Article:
High Court declares that emergency surveillance legislation is unlawful

Victory! We have victory!
Victory! We have victory!

The High Court of Justice has declared s1 of the Data Retention and Investigatory Powers Act 2014 to be unlawful and contrary to European Law. The article in question is part of emergency surveillance legislation enacted last year by the coalition government. The Court was responding to a judicial review request from David Davies MP and Tom Watson MP (ruling here).  I attach a press release sent to me by Mr Davies MP.

David Davis MP, Tom Watson MP and Others v the Secretary of State for the Home Department

Today, the High Court found against the Government in David Davis’s and Tom Watson’s joint legal challenge to the Government’s emergency surveillance legislation. The court declared that section 1 of the Data Retention and Investigatory Powers Act 2014 is inconsistent with European Union law and consequently granted an order striking down the legislation.

Following the judgment in the Digital Rights Ireland case last year, the Claimants’ argued that:

  • section 1 of the Data Retention and Investigatory Powers Act 2014 (“DRIPA”) is in breach of their fundamental rights;
  • that there is an utterly inadequate oversight and an extremely lax access regime; and
  • that the blanket collection of the whole nation’s data without differentiation, limitation or exception is an unnecessary and disproportionate measure.

The court agreed with Mr Davis’s and Mr Watson’s arguments and declared that DRIPA:

  • does not lay down clear and precise rules providing for access to and use of communications data; [para 114] and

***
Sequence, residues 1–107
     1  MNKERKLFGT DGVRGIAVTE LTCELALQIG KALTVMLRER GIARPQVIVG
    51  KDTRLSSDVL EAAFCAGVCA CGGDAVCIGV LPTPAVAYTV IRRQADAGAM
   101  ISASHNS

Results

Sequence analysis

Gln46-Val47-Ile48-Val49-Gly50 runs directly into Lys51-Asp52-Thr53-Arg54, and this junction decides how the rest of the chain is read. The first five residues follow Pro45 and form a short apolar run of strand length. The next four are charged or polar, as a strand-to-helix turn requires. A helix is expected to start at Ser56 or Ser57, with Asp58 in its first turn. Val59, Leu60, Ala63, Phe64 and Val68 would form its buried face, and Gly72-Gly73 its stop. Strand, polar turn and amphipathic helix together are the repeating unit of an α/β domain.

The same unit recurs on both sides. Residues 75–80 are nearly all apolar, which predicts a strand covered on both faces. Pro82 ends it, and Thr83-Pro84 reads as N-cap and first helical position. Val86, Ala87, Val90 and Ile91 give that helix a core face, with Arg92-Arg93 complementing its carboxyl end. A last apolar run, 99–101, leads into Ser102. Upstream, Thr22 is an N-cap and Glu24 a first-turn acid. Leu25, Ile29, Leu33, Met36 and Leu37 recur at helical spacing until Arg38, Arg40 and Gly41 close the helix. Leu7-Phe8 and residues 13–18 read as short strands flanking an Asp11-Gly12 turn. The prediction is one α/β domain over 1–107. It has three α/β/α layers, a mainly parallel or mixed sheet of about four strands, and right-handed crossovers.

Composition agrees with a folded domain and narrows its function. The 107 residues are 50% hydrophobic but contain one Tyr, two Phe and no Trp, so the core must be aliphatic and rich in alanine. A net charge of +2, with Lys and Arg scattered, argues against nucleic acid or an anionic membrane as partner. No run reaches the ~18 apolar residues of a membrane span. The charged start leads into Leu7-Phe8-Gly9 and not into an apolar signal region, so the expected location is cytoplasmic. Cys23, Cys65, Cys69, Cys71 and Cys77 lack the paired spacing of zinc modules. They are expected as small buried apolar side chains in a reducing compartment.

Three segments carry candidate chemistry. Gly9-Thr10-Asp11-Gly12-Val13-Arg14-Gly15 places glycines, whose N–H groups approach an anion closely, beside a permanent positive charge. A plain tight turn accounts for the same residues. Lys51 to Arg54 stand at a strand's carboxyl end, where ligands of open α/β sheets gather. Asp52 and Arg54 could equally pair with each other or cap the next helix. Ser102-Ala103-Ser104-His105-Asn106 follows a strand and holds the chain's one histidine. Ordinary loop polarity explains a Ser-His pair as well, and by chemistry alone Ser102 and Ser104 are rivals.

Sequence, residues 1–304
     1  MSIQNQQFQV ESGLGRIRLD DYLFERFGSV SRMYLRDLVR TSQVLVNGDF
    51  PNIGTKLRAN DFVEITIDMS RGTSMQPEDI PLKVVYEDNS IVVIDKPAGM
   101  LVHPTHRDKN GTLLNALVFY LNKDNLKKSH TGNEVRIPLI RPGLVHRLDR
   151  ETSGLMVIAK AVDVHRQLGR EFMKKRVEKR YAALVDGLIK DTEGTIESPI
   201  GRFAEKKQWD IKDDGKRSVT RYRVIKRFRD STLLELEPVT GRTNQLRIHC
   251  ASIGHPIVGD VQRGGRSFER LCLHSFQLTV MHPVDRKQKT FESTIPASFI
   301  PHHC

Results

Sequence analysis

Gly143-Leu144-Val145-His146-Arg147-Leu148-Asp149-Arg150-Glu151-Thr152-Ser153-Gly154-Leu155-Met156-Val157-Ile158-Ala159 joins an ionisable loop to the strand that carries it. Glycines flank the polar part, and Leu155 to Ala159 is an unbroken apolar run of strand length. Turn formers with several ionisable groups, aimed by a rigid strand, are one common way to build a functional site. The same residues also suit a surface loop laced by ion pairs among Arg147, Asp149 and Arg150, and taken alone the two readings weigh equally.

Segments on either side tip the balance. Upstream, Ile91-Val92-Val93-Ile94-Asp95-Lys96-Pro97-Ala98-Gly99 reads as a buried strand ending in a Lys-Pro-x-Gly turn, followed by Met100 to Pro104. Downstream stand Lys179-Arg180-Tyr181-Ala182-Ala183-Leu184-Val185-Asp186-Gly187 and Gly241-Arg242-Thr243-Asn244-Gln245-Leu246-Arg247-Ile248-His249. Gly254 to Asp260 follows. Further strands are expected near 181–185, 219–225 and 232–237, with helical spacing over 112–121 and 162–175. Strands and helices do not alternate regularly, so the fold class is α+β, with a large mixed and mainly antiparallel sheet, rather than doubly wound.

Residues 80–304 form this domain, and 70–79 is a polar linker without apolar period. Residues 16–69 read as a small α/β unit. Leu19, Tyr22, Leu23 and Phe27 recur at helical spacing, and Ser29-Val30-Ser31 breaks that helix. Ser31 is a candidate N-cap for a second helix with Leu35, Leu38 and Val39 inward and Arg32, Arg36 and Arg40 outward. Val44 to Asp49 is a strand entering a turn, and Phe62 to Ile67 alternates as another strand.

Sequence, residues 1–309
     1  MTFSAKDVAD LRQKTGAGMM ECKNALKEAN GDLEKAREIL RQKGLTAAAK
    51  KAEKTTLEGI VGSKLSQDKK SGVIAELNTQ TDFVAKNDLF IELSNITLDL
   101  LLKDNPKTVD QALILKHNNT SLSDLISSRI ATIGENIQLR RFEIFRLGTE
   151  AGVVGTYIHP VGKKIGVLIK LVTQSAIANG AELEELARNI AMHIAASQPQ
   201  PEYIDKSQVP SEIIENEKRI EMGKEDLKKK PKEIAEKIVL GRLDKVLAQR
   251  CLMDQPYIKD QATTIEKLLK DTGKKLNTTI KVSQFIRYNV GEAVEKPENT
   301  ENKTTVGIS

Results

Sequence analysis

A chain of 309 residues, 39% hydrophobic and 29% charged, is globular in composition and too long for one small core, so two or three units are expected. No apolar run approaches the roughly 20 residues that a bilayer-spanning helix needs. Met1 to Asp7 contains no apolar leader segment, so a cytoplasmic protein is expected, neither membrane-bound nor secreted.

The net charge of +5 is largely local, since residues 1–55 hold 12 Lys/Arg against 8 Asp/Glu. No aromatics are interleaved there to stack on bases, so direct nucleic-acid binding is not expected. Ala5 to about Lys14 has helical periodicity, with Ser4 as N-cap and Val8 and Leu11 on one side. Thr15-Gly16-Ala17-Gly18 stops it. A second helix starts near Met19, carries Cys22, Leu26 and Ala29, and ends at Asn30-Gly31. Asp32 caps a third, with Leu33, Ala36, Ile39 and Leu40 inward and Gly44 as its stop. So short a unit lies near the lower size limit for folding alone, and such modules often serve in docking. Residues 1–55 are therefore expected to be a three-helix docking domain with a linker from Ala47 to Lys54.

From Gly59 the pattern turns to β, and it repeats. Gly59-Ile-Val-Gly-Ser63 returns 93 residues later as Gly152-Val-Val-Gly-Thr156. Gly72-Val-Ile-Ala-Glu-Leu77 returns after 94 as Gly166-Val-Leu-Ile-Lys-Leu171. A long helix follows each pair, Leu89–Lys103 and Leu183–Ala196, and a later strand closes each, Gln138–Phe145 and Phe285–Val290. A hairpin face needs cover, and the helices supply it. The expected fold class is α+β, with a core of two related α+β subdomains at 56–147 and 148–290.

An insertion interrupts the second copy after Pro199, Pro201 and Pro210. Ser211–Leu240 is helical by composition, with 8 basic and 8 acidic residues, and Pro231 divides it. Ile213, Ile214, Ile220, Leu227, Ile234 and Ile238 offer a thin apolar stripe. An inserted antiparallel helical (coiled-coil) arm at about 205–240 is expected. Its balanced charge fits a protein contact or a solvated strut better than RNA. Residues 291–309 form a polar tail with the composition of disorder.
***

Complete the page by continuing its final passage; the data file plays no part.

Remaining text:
• access to the data is not made dependent on a prior review by a court or an independent administrative body whose decision limits access to and use of the data to what is strictly necessary [para 114] – an access regime which provides adequate safeguards for Charter rights is required; [para 89]

In addition the court observed that:

  • any legislation establishing a retention regime for personal data must expressly provide for access to and use of the data to be strictly restricted to the purpose of preventing and detecting precisely defined serious offences, or of conducting criminal prosecutions relating to such offences; [para 91]
  • the need for approval to be by a judge or official wholly independent of the body making the application should not, provided the person responsible is properly trained or experienced, be particularly cumbersome. If EU law requires independent approval, as the court is satisfied it does, that must be put in place. [para 98]

As a result of its decision, the court has granted an order disapplying section 1 of DRIPA [para 122]. It is rare for a domestic court to strike down a piece of primary legislation, and this is the first time a Member of Parliament has brought a successful judicial review against the Government.

The Government has been allowed, at the request of Mr Davis and Mr Watson, until the end of the March 2016 before DRIPA is disapplied [para 122], to allow sufficient time for alternative provisions to be put in place, ensuring that the UK’s security is not undermined by a sudden loss of capabilities.

This judgment follows shortly after the publication of two reports, one by the Independent Reviewer of Terrorism Legislation [para 12] and one from the Royal United Services Institute, on surveillance powers. Both reports agreed with the court’s position that judicial or independent review for access to data is now necessary, reflecting a new consensus on this matter that should act as a template for the Government.

Comments 2

  1. Well finally some good news for the privacy. In these camera´s they even collect the sounds on the street. So they got your face and they know what you are saying. Privacy means nothing to these peope. Its good the judges think otherwise!

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